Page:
Nvidia initially may have been a bit disillusioned at what kind of premium gamers would be willing to pay for features that are not yet widely adopted, hence why sales of its GeForce RTX 2080 Ti, 2080, and 2070 graphics cards have not met the company's expectations, as it candidly admitted recently. But then came along the GeForce RTX 2060, a more affordable entry into the world of real-time ray tracing and Deep Learning Super Sampling (DLSS). For gamers in need of an upgrade, the GeForce RTX 2060 is one of the best graphics cards to consider, and is a clear winner over the similarly priced GeForce GTX 1070.
Now comes along the GeForce GTX 1660 Ti, however, and suddenly the choice is a bit murkier for anyone with a few hundred bucks to spend on a graphics card. It doesn't boast the same bells and whistles as Nvidia's RTX cards, but it does trounce the previous generation GeForce GTX 1060, and does so at a palatable price.
Judged on cost alone, the GeForce GTX 1660 Ti is the clear choice—it's around $70 cheaper. As is often the case, though, there are more things to consider. The question isn't which card is less expensive, but rather are you better off buying the GTX 1660 Ti or should you spend a bit extra on the RTX 2060? Let's get to it.
RTX vs GTX
Shakespeare once wrote "a rose by any other name would smell as sweet," but even though both the RTX 2060 and GTX 1660 Ti are powered by Nvidia's latest generation Turing GPU architecture, the RTX and GTX nomenclature matters.
All GeForce RTX cards support real-time ray tracing and DLSS processing, whereas the GTX 1660 Ti lacks the necessary RT and Tensor cores for those things. It's not clear if they're absent altogether or somehow disabled, but regardless the takeaway is that the GTX part can't do the same things as RTX cards can.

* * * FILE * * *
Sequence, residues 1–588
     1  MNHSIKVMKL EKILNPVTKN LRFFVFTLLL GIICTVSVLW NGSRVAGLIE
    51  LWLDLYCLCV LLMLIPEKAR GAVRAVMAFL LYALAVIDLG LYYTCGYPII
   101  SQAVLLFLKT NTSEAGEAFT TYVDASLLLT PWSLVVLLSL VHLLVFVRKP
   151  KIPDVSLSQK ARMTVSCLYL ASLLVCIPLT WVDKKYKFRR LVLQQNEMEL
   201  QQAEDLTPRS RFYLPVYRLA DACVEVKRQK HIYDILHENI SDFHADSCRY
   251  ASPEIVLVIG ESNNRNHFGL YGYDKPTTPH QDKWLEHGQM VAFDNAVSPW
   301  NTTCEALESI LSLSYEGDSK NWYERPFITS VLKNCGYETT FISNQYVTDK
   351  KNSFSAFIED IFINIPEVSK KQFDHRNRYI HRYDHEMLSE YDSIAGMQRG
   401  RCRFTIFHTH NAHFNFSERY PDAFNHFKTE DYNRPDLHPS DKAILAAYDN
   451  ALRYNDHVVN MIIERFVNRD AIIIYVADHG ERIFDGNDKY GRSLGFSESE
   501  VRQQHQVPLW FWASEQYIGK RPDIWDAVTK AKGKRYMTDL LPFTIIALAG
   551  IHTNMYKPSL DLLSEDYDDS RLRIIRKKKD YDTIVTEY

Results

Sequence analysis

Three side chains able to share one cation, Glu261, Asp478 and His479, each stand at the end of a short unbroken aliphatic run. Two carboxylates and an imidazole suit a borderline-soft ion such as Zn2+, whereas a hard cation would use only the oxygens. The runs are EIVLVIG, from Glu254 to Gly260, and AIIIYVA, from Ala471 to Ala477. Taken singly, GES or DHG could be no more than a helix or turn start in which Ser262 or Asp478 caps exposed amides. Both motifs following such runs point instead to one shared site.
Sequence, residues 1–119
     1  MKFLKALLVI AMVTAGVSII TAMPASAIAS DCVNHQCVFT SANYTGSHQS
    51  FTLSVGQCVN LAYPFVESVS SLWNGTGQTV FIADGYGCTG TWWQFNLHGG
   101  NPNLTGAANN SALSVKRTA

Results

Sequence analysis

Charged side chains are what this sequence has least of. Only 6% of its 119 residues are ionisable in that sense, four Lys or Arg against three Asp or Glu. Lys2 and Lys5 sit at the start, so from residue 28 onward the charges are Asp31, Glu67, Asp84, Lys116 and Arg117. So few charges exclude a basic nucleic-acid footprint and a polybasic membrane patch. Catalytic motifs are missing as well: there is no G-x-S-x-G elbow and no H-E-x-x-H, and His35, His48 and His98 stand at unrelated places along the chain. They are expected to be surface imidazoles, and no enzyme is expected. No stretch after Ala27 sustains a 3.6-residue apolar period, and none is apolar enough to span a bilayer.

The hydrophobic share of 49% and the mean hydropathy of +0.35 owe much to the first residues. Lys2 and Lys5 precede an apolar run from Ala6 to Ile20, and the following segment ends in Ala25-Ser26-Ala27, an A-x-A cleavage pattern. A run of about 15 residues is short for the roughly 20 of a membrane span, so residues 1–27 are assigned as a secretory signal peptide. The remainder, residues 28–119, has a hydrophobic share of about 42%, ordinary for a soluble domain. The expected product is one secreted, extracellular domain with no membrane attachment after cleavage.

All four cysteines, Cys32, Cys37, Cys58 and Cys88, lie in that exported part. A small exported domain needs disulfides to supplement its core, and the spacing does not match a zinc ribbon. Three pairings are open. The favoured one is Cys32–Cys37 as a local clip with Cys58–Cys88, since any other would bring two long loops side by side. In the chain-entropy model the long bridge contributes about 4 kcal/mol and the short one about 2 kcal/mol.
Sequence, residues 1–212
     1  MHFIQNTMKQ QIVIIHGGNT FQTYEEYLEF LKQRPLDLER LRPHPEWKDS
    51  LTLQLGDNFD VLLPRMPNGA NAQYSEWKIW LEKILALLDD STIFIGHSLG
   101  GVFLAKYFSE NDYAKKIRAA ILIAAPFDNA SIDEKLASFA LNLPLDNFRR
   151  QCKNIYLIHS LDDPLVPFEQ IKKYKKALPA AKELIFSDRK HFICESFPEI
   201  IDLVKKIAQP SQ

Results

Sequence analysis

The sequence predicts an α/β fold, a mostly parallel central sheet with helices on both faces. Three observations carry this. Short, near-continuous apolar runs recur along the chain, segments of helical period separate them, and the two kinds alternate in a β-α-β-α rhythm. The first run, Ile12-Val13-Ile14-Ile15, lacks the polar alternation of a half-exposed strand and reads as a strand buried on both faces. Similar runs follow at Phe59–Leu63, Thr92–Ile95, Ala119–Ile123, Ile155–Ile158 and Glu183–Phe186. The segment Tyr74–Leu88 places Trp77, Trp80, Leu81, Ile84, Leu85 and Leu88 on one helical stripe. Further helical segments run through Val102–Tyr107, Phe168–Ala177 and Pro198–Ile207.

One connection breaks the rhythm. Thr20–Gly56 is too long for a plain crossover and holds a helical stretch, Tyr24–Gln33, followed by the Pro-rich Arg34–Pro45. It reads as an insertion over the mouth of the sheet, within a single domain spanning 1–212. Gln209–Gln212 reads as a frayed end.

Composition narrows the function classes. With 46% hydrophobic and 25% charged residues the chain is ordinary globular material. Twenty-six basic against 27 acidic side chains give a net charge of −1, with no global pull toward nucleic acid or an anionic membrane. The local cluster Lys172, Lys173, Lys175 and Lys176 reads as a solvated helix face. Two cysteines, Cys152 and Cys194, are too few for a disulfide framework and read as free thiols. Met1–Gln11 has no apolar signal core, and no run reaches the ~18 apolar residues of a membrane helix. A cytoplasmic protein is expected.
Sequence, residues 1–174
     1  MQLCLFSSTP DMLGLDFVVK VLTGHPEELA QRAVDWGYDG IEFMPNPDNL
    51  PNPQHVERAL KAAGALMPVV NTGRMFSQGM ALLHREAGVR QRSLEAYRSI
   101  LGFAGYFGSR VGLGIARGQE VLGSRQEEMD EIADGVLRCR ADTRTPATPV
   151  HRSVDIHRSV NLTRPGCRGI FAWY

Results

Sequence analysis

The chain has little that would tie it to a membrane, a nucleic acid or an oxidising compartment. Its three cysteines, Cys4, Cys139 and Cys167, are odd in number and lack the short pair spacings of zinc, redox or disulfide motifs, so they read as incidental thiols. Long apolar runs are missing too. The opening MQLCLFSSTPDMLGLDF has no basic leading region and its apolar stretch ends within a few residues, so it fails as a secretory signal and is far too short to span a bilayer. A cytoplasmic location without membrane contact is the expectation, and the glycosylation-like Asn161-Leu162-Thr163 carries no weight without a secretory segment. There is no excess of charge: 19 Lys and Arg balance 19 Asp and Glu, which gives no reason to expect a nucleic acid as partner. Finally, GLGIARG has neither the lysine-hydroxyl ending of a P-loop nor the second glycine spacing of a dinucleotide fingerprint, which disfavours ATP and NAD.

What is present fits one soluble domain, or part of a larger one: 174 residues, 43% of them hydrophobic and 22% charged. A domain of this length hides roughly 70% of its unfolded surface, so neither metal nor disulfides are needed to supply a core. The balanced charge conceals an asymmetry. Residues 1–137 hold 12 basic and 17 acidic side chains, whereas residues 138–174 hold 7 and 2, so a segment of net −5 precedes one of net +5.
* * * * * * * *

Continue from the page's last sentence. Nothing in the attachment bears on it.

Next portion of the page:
Right now this doesn't matter a whole bunch. Battlefield 5 and Metro Exodus are the only games to support both features, so it's not as though RTX gamers are dancing in a field of advanced visual effects and everyone else is missing out on the fun. We expect this to improve as the year goes on, but for now, RTX is largely a promise of things to come.
Technically, they're different
Though both cards are based on Turing and are "60" parts (2060 and 1660), there is more that separates the GeForce RTX 2060 and GTX 1660 Ti than RT and Tensor cores alone.
The GeForce RTX 2060 is the burlier card. Here is a rundown of the pertinent specs:
- Stream processors (CUDA cores): 1920
- ROPs: 48
- Tensor cores: 240
- RT cores: 30
- Base clock: 1365MHz
- Boost clock: 1680MHz
- Memory: 6GB GDDR6 at 14Gbps
- Memory interface: 192-bit
- Memory bandwidth: 336GB/s
- Single-precision performance: 6.5TFLOPs
And here is a look at the specs for the GeForce GTX 1660 Ti:
- Stream processors (CUDA cores): 1536
- ROPs: 48
- Tensor cores: N/A
- RT cores: N/A
- Base clock: 1500MHz
- Boost clock: 1770MHz
- Memory: 6GB GDDR5 at 12Gbps
- Memory interface: 192-bit
- Memory bandwidth: 288GB/s
- Single-precision performance: 5.4TFLOPs
The GTX 1660 Ti has fewer CUDA cores and slower memory, resulting in lower memory bandwidth. We haven't fully explored overclocking this model, but in the early going, we've been able to hit around 15Gbps, versus close to 16Gbps on some RTX cards.
How these cards actually perform is what it all boils down to. As expected, the RTX 2060 is the faster card, as it should be due to the additional CUDA cores and faster memory. Here are the overall performance breakdowns for graphics cards at various resolutions and settings.